Wed | Nov 14, 2018

Guidance grief - Counsellors in schools under pressure as students face even greater trauma

Published:Sunday | August 26, 2018 | 12:00 AMNadine Wilson-Harris
Crawford-Brown

There are concerns that the increasing incidents of mental-health issues and conduct disorder among Jamaica's children are putting scores of guidance counsellors under pressure as they are not equipped to deal with the new challenges brought on by the current generation of students.

Senior lecturer in clinical social work, Dr Claudette Crawford-Brown, who has been working with traumatised children for more than 36 years, says she gets a call every month from a stressed-out guidance counsellor seeking her help.

"I was called to a school and the guidance counsellor was totally stressed out. She has people calling her at home, she is overwhelmed. They are calling her at home, because somebody got shot and the child ran away," said Crawford-Brown, who is attached to the Department of Sociology, Psychology and Social Work at the University of the West Indies, Mona.

"The number of persons killed, and parents killed, and trauma that our children are experiencing, whether it is child abuse, sexual abuse, violence, shooting, murders, exposure to violence ... that will undoubtedly cause children to have specific behavioural and emotional problems, and I do not think we are meeting that challenge sufficiently in terms of the training of persons on the ground," added Brown.

She told The Sunday Gleaner that the treating of trauma is not something a guidance counsellor is fully equipped to do.

According to Brown, a team approach is needed where the members of the team will identify the issues and then refer the child to a professional, such as a psychiatrist or a clinical social worker.

"The guidance counsellors are trained to give guidance, to teach how to choose your career, how to guide a child in terms of their academics. The problems that are occurring in the schools are now much deeper. You have now children experiencing serious trauma," said Brown.

"They already have a curriculum that they are assigned, the Health and Family Life Education," noted the clinical social worker.

Guidance counsellor Paul Harding said that while persons in his profession are increasingly taking advantage of opportunities to better equip themselves to deal with the myriad issues facing children, the demand for intervention is overwhelming.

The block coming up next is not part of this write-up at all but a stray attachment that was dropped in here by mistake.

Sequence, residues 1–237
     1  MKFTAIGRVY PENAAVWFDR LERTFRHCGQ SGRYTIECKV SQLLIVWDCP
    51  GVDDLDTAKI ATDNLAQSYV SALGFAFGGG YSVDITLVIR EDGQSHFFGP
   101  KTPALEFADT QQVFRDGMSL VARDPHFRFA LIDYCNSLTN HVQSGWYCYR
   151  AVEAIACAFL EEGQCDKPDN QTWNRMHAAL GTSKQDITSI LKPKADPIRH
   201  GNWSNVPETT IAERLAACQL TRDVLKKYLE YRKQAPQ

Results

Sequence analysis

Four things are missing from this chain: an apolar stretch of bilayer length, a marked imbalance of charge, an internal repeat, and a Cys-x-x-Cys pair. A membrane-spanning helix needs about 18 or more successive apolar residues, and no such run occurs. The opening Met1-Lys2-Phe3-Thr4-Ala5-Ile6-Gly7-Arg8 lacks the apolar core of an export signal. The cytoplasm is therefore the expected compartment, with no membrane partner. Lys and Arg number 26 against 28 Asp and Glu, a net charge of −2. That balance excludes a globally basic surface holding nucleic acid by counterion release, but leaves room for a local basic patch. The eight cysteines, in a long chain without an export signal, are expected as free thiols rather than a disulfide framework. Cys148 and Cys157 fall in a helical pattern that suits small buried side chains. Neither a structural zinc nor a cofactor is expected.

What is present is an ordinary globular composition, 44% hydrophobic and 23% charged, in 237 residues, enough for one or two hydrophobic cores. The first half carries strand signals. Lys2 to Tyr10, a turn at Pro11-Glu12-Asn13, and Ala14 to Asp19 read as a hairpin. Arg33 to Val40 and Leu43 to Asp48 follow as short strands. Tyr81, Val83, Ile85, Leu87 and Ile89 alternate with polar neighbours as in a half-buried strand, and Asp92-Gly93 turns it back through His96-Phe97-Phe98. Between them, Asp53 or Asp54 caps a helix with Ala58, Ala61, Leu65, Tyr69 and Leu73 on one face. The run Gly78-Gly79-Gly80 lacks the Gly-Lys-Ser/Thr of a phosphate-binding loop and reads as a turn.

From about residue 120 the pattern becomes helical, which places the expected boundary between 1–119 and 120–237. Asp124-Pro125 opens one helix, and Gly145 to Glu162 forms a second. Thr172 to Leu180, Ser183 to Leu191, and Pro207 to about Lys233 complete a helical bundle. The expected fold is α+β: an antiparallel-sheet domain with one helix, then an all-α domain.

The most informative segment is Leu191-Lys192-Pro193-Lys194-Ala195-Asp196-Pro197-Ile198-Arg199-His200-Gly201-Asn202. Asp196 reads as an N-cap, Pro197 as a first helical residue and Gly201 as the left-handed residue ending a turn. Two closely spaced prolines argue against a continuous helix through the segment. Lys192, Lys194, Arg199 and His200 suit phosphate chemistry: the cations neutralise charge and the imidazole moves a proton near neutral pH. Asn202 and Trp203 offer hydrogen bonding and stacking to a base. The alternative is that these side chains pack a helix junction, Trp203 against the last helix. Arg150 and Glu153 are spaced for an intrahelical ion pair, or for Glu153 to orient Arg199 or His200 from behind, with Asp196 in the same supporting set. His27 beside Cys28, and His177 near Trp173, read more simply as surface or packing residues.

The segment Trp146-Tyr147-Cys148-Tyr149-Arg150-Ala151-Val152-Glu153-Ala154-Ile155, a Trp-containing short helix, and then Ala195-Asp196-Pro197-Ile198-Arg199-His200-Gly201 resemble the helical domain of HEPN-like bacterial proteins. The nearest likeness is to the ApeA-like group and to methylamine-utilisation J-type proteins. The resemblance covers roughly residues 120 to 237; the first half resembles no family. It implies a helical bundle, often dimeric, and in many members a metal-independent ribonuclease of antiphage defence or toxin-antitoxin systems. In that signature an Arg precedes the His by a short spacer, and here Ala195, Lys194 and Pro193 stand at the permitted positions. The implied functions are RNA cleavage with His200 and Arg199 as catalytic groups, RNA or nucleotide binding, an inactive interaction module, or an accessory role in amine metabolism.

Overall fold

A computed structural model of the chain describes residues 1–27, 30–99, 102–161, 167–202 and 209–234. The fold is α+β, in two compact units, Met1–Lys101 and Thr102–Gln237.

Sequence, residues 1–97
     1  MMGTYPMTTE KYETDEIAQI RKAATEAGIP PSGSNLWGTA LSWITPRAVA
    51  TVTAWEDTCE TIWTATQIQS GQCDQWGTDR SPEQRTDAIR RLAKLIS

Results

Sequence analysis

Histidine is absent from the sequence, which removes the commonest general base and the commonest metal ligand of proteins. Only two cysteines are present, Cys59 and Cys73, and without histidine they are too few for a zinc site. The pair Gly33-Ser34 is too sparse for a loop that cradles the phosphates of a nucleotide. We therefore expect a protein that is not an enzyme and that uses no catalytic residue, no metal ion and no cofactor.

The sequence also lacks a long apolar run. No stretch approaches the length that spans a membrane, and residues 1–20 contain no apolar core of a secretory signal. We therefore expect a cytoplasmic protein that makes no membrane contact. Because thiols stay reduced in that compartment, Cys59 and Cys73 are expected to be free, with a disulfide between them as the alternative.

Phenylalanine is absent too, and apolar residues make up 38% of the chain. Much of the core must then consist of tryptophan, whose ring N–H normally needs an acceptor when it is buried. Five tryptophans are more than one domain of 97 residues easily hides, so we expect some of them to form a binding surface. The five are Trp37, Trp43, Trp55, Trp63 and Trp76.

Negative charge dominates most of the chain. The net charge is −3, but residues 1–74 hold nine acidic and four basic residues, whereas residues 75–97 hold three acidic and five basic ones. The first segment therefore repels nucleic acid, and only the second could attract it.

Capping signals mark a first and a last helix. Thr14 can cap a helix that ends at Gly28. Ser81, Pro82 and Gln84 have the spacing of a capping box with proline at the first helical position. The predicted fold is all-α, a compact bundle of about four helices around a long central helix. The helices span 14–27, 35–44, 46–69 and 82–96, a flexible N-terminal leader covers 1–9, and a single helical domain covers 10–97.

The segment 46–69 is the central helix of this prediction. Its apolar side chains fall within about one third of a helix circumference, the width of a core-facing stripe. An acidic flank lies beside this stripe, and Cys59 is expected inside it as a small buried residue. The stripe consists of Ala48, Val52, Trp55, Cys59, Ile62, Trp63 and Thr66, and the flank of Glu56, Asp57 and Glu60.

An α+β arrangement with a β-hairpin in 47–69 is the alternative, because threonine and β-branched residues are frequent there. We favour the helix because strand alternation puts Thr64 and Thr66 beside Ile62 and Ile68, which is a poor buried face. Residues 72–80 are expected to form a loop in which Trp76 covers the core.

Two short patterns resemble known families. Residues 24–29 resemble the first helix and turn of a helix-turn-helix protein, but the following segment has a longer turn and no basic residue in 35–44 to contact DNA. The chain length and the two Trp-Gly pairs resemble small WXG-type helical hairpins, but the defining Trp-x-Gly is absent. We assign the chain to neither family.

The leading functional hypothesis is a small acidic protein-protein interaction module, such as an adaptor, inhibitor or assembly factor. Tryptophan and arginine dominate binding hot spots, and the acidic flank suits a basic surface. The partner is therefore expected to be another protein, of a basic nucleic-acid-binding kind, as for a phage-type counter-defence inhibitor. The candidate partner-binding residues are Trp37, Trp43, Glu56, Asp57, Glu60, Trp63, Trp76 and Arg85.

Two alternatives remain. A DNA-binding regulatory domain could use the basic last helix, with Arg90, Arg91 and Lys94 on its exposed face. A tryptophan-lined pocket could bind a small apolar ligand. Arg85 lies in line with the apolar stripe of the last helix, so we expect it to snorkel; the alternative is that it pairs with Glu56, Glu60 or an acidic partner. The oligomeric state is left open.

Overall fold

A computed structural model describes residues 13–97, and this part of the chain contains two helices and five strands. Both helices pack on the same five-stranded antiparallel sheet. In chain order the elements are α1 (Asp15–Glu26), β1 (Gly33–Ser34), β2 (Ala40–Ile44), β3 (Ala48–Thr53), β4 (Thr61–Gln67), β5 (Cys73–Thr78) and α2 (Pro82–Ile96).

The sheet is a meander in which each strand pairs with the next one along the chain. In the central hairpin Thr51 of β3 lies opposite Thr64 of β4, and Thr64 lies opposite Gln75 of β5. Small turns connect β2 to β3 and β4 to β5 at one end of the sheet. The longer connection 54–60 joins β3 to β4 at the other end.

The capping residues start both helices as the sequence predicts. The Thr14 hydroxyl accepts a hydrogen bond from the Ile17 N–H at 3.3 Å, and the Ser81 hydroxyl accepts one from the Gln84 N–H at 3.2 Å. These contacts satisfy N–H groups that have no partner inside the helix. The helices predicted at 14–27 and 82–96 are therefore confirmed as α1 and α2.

"We cannot handle the volume of cases that comes to us," admitted Harding.

"Guidance counsellors are not supposed to be persons who diagnose and treat. When we identify issues, we are supposed to refer. A lot of our tools in trade prepare us to identify issues of aggression and problems dealing with post-traumatic stress.

"We can deal with basic counselling, but as soon as it gets to the point where it might require intervention of a detailed nature, then it has to be referred. Otherwise we get into problems," said Harding, who has been a guidance counsellor for the last eight years at a public high school.

But while guidance counsellors are expected to only be first responders, there is a chronic shortage of certified professionals specially trained to deal with trauma and social disorders in children.

The child guidance clinic, for example, is generally oversubscribed, and it was revealed earlier this year that Jamaica's ratio of psychiatrist to patient is 1:1,582 while the international standard is 1:150.

 

TAKING ADVANTAGE

 

"More of us are taking advantage of training opportunities to further equip ourselves and become more clinical in diagnosing and treating so we can become like psychologists and do more psychotherapy," said Harding.

"It is because of the needs that exist, that is why we are really doing that. But when we really do that, many of use tend to then leave the strictly speaking purview of guidance and counselling and we might go off into more private practice and/or into specific areas that deal with psychotherapy," he added.

But counsellor and educator Dr Grace Kelly believes the roles and functions of guidance counsellors are clear, and they need to stick to this.

"There is no need for a guidance counsellor to be trying to be a psychologist or a social worker. Those are three distinct professions and each should work within his/her competence and then make appropriate referrals where there is a need. So there is no need for guidance counsellors to be trying to be all things to all people," said Kelly.

"They should never try to go beyond their training and their boundaries. What needs to happen is that the education sector needs to outfit the schools with the proper skill sets and competences needed to support the children, and if there isn't enough persons to work in the child's guidance clinic, then send persons to be trained," said Kelly, a former president of the Jamaica Association of Guidance Counsellors in Education.

She is convinced that Jamaica's children are better served when the various professionals stick to their areas of competency.

"If you are driving and your car breaks down and the only place that exists for you to get help is a carpenter shop, would you take your car to a carpenter? If you have to use a wrecker, you are likely to take it to a mechanic, not a carpenter. We cannot treat our children as if they are some experiment," added Kelly.

nadine.wilson@gleanerjm.com